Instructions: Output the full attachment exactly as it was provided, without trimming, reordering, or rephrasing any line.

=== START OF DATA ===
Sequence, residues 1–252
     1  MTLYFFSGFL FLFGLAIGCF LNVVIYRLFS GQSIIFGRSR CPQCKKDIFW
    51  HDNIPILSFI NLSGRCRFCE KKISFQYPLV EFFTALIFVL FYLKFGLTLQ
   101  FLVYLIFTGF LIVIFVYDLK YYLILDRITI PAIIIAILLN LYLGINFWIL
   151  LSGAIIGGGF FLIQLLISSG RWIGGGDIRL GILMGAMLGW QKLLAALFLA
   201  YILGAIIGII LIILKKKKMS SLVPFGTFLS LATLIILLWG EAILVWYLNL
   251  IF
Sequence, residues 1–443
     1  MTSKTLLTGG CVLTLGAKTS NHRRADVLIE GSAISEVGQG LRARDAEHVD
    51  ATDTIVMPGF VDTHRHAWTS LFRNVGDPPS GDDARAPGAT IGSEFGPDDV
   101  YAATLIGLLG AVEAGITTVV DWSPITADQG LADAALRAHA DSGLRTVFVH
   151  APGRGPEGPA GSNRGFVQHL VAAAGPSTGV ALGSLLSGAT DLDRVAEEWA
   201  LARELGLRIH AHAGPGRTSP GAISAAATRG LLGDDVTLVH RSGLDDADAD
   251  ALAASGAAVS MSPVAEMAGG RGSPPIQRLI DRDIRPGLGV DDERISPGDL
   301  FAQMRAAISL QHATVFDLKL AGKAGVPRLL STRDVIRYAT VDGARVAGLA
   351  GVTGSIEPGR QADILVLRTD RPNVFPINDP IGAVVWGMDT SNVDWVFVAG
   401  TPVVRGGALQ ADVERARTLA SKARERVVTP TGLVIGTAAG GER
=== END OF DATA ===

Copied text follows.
Sequence, residues 1–252
     1  MTLYFFSGFL FLFGLAIGCF LNVVIYRLFS GQSIIFGRSR CPQCKKDIFW
    51  HDNIPILSFI NLSGRCRFCE KKISFQYPLV EFFTALIFVL FYLKFGLTLQ
   101  FLVYLIFTGF LIVIFVYDLK YYLILDRITI PAIIIAILLN LYLGINFWIL
   151  LSGAIIGGGF FLIQLLISSG RWIGGGDIRL GILMGAMLGW QKLLAALFLA
   201  YILGAIIGII LIILKKKKMS SLVPFGTFLS LATLIILLWG EAILVWYLNL
   251  IF
Sequence, residues 1–443
     1  MTSKTLLTGG CVLTLGAKTS NHRRADVLIE GSAISEVGQG LRARDAEHVD
    51  ATDTIVMPGF VDTHRHAWTS LFRNVGDPPS GDDARAPGAT IGSEFGPDDV
   101  YAATLIGLLG AVEAGITTVV DWSPITADQG LADAALRAHA DSGLRTVFVH
   151  APGRGPEGPA GSNRGFVQHL VAAAGPSTGV ALGSLLSGAT DLDRVAEEWA
   201  LARELGLRIH AHAGPGRTSP GAISAAATRG LLGDDVTLVH RSGLDDADAD
   251  ALAASGAAVS MSPVAEMAGG RGSPPIQRLI DRDIRPGLGV DDERISPGDL
   301  FAQMRAAISL QHATVFDLKL AGKAGVPRLL STRDVIRYAT VDGARVAGLA
   351  GVTGSIEPGR QADILVLRTD RPNVFPINDP IGAVVWGMDT SNVDWVFVAG
   401  TPVVRGGALQ ADVERARTLA SKARERVVTP TGLVIGTAAG GER